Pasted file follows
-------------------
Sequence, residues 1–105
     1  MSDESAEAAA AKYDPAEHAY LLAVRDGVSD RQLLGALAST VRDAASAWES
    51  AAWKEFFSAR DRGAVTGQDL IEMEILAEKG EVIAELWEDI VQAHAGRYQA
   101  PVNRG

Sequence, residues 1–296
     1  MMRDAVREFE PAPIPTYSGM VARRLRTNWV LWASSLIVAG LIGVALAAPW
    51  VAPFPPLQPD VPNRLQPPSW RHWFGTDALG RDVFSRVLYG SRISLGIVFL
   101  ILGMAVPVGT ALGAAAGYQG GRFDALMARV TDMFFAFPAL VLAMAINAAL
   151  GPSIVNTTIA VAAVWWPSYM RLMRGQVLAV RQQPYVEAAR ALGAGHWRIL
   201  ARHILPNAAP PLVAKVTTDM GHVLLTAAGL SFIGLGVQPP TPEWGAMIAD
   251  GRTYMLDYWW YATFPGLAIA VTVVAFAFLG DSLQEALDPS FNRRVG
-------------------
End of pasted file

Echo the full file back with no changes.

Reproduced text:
Sequence, residues 1–105
     1  MSDESAEAAA AKYDPAEHAY LLAVRDGVSD RQLLGALAST VRDAASAWES
    51  AAWKEFFSAR DRGAVTGQDL IEMEILAEKG EVIAELWEDI VQAHAGRYQA
   101  PVNRG

Sequence, residues 1–296
     1  MMRDAVREFE PAPIPTYSGM VARRLRTNWV LWASSLIVAG LIGVALAAPW
    51  VAPFPPLQPD VPNRLQPPSW RHWFGTDALG RDVFSRVLYG SRISLGIVFL
   101  ILGMAVPVGT ALGAAAGYQG GRFDALMARV TDMFFAFPAL VLAMAINAAL
   151  GPSIVNTTIA VAAVWWPSYM RLMRGQVLAV RQQPYVEAAR ALGAGHWRIL
   201  ARHILPNAAP PLVAKVTTDM GHVLLTAAGL SFIGLGVQPP TPEWGAMIAD
   251  GRTYMLDYWW YATFPGLAIA VTVVAFAFLG DSLQEALDPS FNRRVG